When prescription medications are administered through transdermal patches, the body has a consistent supply of the necessary medication. The person with the prescription does not have to remember to take their medicine orally or intravenously at a certain time of day; instead, they put the patch on once, and it stays there for the length of the dose.
However, some prescription transdermal patches can lead to addiction or abuse. Below are some common questions about transdermal drugs and their potential for addiction or abuse.
Drugs that can lead to abuse or addiction, which come in transdermal forms, include:
- Fentanyl: a potent opioid painkiller, which is increasingly abused among people struggling with opioid addiction
- Buprenorphine: a partial opioid-agonist used to help people struggling with opioid addiction end their physical dependence but can also be abused
- Methylphenidate: a stimulant prescribed to treat ADHD, but can be habit-forming for people who do not have ADHD
- Nicotine patches: designed to help a person end their addiction to cigarettes or tobacco (Some studies have shown that the release of nicotine into the blood does not actually help end the addiction; it just helps the person stop smoking.)
The skin is a large organ that is very absorbent, so other drugs could potentially be put on the skin and ingested that way. However, it is slower than many ingestion methods like smoking or snorting, so it is not a common form of substance abuse.
Fentanyl is especially prone to abuse because it is stronger than heroin. Fentanyl patches can contain up to three days of medicine, making them a prime target for substance abuse. The patches are cut up and chewed, brewed like a tea, mixed with water and injected, or several are placed on the skin at once. Because fentanyl is a very potent narcotic that is designed to treat pain in people who need long-term relief from chronic pain, abusing the patches in this fashion can rapidly lead to overdose and death.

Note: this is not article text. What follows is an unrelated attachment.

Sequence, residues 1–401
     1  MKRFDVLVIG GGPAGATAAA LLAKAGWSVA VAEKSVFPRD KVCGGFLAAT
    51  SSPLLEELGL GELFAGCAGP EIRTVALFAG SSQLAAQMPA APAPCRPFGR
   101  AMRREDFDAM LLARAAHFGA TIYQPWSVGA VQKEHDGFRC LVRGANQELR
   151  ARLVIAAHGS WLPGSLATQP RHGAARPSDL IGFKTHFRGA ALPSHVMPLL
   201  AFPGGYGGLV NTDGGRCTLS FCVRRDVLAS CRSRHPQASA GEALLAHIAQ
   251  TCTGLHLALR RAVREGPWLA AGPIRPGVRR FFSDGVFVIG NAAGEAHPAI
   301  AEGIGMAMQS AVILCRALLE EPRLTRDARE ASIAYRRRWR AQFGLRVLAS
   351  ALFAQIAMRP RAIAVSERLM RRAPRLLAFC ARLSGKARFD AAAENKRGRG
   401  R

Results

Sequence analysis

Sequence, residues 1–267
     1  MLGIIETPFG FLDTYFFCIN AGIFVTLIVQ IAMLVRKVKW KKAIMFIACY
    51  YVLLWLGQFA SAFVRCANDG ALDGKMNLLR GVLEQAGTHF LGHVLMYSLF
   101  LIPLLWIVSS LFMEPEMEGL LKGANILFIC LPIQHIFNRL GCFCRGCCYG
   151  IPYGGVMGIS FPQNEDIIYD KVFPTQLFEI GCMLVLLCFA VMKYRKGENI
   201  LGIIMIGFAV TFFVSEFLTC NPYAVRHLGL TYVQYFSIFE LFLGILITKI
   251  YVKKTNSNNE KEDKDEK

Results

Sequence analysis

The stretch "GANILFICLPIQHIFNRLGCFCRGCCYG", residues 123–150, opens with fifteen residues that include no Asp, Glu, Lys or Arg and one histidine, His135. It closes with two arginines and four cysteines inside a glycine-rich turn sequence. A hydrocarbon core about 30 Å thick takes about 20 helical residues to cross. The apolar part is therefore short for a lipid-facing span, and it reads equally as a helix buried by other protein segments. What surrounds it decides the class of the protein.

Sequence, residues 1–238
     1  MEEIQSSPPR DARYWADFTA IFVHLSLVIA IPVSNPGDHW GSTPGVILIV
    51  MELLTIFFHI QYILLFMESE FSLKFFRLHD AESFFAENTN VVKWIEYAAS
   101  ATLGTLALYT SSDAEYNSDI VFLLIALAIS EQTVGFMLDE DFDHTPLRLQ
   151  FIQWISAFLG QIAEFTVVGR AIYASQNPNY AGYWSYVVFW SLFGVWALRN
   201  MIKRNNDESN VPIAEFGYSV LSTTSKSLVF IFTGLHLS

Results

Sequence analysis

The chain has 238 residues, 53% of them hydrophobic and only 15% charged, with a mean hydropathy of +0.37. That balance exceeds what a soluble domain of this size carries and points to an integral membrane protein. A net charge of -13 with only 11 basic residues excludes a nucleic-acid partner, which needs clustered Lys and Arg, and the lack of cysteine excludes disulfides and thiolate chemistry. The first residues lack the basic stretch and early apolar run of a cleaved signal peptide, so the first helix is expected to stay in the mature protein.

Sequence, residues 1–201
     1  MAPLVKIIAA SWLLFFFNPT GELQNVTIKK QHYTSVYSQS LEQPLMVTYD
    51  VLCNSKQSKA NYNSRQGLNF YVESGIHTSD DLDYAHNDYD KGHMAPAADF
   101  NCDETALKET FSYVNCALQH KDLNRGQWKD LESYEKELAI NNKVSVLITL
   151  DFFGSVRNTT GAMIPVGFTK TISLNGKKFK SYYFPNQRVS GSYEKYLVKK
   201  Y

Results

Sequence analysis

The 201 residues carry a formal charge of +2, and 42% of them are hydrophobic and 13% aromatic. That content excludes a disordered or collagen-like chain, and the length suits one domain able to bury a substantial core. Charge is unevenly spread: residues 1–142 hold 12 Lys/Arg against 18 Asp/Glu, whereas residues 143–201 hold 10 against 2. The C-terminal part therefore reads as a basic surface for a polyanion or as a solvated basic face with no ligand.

Buprenorphine patches have also been abused this way, to bypass time-release properties and achieve a high.
Can transdermal drug abuse cause skin issues?
Yes. Even when taking transdermal drugs as prescribed and under physician supervision, skin irritation can occur. Other side effects are typically reduced when drugs are administered transdermally, but abuse can increase the likelihood of these effects.
Types of skin irritation found among people who use transdermal drugs include:
- Dermatitis, or inflammation of the skin due to contact with mild irritants
- Allergic reactions on the skin
- Superficial reddening of the skin due to burst capillaries (erythema)
- Dry, cracked, flaking, or scaling of the skin
- Swelling due to edema (fluid retention) in reaction to skin infection
- Necrosis (tissue death) around untreated areas on the skin
Is sublingual (under the tongue) the same as transdermal?
No, sublingual and transdermal administration are different. Taking medications by dissolving them under the tongue involves the salivary glands; mucous membranes in the mouth absorb the drug once it has been dissolved. Transdermal administration of drugs means placing a patch on the epidermis, or the outer layer of skin; the drug is then absorbed through the skin and into the bloodstream, without involving mucous membranes.
Are drug lollipops absorbed transdermally?
No, lollipops are absorbed through the mucous membranes of the mouth, or through transmucosal administration. This involves fewer layers of flesh for the drug to pass through, so medications like fentanyl are absorbed faster through this route.
Can LSD be absorbed through the skin?
LSD is typically ingested orally, by dissolving a tab or piece of candy on or under the tongue. Typical routes mean that LSD is absorbed transmucosally or sublingually. However, LSD is a liquid drug, so the substance can be placed directly on the skin and absorbed. Direct contact with liquid LSD can produce hallucinations, intoxication, and other effects of LSD, at unregulated doses.
That said, rumors occasionally circulate about LSD in various forms, especially those targeted at teenagers or young children. One rumor suggested that LSD temporary tattoos were being sold by dealers, and children were getting high on the hallucinogen through their skin. Snopes found this rumor to be false.